The UK Department for Transport (DfT) has approved plans to build the Tinsley Chord to allow the first tram-trains to run in South Yorkshire.
Earlier this year, Network Rail (NR) and the South Yorkshire Passenger Transport Executive (SYPTE) submitted a joint Transport and Works Act Order (TWAO) application to the secretary of state for transport to build the new section of the railway.
The project will see construction of 150m of new track in South Yorkshire to connect existing rail and tram networks.
Overhead lines will also be built to power the tram-trains and a small building created to house lineside equipment.
The Tinsley Chord is part of the Tram-Train pilot project, which is a partnership between the DfT and NR, Northern Rail Limited, SYPTE and Stagecoach Supertram.
Network Rail area director Andrew Penny said: "It’s good news for people in Sheffield and Rotherham that our application has been successful.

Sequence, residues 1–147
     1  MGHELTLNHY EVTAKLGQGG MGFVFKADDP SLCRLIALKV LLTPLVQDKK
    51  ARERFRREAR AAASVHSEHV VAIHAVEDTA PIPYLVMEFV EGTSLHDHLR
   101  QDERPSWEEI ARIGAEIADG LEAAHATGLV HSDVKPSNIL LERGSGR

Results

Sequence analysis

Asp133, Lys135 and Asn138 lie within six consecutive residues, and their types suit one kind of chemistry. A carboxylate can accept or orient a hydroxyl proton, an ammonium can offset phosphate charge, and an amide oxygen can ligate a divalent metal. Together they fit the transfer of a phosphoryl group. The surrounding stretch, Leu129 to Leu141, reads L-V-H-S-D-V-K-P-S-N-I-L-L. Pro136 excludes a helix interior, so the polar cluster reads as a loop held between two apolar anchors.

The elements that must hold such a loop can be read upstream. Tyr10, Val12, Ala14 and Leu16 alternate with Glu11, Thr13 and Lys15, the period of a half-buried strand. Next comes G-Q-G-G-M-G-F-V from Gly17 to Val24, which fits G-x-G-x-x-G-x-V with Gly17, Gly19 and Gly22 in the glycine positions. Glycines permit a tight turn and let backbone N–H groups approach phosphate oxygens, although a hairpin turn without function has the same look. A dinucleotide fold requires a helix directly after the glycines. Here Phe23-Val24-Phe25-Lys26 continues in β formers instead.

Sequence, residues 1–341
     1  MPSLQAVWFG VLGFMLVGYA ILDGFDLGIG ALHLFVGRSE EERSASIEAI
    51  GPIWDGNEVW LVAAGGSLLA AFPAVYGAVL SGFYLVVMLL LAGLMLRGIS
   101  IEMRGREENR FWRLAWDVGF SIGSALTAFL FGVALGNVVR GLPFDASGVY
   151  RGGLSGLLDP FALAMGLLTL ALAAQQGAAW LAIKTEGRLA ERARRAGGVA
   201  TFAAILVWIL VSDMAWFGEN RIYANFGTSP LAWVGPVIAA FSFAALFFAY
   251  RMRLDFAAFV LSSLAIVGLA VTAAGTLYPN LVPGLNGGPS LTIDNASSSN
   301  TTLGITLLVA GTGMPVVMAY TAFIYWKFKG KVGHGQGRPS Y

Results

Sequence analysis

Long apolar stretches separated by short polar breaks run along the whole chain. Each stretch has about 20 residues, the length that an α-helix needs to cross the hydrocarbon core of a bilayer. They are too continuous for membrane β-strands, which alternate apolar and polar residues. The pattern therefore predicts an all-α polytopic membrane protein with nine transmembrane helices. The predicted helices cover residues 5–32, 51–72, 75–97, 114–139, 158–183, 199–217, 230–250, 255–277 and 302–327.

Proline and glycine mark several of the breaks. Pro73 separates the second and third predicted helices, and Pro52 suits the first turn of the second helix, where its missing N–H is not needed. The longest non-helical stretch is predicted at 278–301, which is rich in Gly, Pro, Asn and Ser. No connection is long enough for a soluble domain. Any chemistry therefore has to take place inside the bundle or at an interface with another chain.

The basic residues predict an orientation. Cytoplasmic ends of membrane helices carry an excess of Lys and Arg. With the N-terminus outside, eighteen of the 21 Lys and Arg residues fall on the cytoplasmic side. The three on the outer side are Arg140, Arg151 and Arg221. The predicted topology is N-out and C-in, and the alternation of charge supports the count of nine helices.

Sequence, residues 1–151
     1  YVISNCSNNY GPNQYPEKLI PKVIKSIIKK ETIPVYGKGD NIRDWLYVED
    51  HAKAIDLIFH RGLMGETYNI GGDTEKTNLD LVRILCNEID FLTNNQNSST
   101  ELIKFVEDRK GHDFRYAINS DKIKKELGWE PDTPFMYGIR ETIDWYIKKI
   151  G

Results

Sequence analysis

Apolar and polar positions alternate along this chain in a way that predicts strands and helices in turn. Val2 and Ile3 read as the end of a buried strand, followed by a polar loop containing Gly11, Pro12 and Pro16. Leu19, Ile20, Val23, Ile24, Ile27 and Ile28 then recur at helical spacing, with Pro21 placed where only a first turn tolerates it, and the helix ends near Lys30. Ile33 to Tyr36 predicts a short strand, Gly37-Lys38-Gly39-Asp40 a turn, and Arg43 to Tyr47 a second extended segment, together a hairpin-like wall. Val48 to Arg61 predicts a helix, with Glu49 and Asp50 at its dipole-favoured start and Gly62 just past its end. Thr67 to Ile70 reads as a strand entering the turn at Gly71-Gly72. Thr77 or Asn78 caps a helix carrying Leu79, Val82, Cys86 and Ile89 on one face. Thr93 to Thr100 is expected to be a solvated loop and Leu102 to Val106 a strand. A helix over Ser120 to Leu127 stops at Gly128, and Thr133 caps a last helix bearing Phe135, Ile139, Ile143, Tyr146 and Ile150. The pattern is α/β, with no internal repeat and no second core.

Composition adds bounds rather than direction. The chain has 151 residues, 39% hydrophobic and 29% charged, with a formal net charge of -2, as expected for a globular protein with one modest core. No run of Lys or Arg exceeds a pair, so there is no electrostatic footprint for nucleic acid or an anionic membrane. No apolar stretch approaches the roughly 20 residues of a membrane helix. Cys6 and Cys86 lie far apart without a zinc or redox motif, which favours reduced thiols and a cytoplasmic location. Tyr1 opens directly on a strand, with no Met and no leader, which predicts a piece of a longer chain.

"Network Rail is investing record amounts in improving the UK’s railway through our Railway Upgrade Plan and this scheme will give us and our partners a really valuable insight into the potential that tram-trains have to improve services for passengers in future."
NR has not confirmed when the work will start, but it is expected to be completed in eight months.
When the project is completed, the European-style tram-trains will be able to run between the country’s rail and tram networks for the first time and will provide a direct service between Rotherham Central railway station, Parkgate retail park and Sheffield city centre.
The £60m tram-train pilot project was announced in May 2012 and was intended to begin operation this year.
The project was reportedly delayed due to complications in adapting the heavy rail network for tram-train operation.
SYPTE executive director Steve Edwards said: "We welcome approval of the TWAO for Tinsley Chord.
"The tram-train pilot will provide a boost to the regional economy, thanks to improved local connections, and has the potential to open the way for Tram Trains to be introduced in other parts of the UK."